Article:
I won’t say all of this is bad. The same rapid-fire change, reach-for-the-next-big-thing mentally will eventually cure cancer, solve the energy dilemma and lead to wonders we can’t predict. But there will be casualties too. Not everyone can keep up. In their quest for the next level, some will slip and fall into the abyss. You see that happen in SoMa.
JC: More is our mantra. But where do moderation and responsibility come in? Are those concepts the casualties you speak of, or the dangers of “no limits”?
KS: Moderation and responsibility come in as a result of consequences. Alvin Toffler predicted our “information overload” age in his classic book Future Shock in 1970. He suggested there would be many unintended consequences from our techno centric march to the new millennium.
In a culture where every excess is readily available, responsibility shifts from government and society rules to individuals. That’s what we’re seeing evolve right before our eyes. Some will become enslaved by these new freedoms, while others will cope and manage and thrive.
Each of the main characters in SoMa follows a particular life philosophy to deal with their freedoms. As a literary concept, I modeled these philosophies very loosely on the tenets of the world’s three major religions. Do these older belief constructs fit these times? Do they help or hurt the characters?
I’m not sure the old rules really work anymore. We need new ones, and we’re still figuring it out. I suspect personal responsibility, based in part on consequences, will ultimately shape where we are headed, more so than any top-down dogma.
JC: Some writers describe a mood, a single sentence or even another author's work as the springboard to accomplishing their own novels. What was the initial inspiration for SoMa?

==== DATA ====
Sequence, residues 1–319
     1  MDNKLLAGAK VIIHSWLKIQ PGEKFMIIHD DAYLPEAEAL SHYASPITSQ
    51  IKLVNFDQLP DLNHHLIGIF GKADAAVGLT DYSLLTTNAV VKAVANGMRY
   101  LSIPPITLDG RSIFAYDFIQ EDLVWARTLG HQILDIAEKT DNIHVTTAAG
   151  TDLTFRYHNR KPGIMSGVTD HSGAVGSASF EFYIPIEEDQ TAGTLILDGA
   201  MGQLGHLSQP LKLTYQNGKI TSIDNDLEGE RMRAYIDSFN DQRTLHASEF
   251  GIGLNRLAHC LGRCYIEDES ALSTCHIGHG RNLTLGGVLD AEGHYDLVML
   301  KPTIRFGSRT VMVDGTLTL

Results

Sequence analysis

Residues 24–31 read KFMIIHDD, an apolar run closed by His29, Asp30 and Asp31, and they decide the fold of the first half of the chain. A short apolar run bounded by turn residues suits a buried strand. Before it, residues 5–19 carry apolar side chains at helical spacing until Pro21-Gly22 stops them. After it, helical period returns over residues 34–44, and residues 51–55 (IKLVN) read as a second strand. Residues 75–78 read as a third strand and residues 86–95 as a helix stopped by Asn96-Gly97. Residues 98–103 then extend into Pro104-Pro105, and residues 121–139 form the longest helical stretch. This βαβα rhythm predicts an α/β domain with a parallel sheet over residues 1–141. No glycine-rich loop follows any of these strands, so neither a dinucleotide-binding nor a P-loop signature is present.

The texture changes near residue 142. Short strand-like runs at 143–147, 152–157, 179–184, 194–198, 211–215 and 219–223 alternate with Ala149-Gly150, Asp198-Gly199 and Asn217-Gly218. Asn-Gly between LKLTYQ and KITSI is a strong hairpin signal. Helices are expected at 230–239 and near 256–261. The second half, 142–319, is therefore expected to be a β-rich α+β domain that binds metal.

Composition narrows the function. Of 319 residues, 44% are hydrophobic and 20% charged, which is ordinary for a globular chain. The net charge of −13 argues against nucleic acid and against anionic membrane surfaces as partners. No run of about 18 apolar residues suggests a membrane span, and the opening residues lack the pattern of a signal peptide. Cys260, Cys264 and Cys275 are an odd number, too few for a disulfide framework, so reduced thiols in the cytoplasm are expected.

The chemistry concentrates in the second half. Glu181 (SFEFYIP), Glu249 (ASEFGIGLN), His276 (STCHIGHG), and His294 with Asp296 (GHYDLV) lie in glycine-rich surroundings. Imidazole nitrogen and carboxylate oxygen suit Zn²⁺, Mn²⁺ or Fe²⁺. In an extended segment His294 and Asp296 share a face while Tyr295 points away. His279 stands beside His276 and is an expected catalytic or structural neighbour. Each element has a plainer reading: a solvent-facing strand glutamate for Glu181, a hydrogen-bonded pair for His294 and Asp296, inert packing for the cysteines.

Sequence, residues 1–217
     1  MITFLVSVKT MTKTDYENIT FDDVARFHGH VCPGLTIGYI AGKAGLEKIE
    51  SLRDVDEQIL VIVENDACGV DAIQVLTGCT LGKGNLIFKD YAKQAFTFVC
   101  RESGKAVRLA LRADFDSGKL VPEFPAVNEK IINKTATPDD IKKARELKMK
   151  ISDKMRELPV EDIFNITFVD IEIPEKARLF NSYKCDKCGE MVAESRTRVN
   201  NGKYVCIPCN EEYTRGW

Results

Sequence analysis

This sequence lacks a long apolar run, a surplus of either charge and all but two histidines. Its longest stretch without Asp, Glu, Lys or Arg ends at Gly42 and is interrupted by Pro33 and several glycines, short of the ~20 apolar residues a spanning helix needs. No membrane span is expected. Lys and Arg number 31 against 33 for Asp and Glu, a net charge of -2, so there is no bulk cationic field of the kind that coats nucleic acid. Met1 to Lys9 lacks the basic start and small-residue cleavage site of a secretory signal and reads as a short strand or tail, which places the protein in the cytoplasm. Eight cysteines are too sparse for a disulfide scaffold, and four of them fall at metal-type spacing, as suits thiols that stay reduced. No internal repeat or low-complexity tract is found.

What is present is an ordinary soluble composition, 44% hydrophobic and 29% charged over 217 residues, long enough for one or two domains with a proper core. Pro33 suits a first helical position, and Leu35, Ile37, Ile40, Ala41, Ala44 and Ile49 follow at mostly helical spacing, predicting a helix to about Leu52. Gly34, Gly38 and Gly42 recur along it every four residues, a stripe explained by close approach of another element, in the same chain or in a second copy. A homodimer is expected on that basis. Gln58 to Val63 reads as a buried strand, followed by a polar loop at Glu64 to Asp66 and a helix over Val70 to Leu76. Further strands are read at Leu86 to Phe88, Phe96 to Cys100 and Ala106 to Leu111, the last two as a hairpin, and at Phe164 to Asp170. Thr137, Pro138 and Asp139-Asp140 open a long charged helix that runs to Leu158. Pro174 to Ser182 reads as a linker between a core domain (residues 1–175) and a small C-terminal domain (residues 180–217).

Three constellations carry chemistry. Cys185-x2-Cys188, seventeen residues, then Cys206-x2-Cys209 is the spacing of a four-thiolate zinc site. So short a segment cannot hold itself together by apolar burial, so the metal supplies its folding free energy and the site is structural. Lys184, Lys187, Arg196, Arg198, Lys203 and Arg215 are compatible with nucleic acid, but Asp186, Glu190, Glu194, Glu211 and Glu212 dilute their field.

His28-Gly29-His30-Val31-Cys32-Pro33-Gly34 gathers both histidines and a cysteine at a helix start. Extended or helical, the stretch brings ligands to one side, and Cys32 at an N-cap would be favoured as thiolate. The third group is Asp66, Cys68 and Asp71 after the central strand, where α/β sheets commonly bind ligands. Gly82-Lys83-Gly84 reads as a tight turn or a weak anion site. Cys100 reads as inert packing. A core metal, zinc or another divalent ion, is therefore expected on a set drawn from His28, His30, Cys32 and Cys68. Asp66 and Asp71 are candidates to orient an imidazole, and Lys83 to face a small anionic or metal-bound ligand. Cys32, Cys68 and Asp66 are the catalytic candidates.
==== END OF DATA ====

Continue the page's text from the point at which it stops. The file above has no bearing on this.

KS: There are many successful novelists out there whose work is derivative of others. They can do a brilliant new adaptation of Howard’s End, put a fresh face on Dante or reinterpret Woolf. I admire their cleverness, and these are the works that become the darlings of the literary establishment, book reviewers and MFA programs.
Somehow, I knew none of that was for me. I couldn’t imagine doing anything other than an original work.
Someone who read the short stories I published on SoMa Literary Review first suggested I write a novel. As soon as he said it, I felt an epiphany. Like I'd been waiting for someone else to say it out loud. Yes, that’s what I needed to do. To get all this into a book.
I fumbled around for a long time. I couldn’t start writing until I knew what I wanted to say. I had to understand the meaning behind the twisted tales. I had to concede that this type of book would be received as a type of provocation, and be at peace with that notion and its implications.
It was puzzle. But once I had this frame assembled, the rest of the pieces started to come together. Developing the characters then led me to other questions that needed to be answered. Certain scenes raised other issues I needed to resolve. It took years to figure it all out.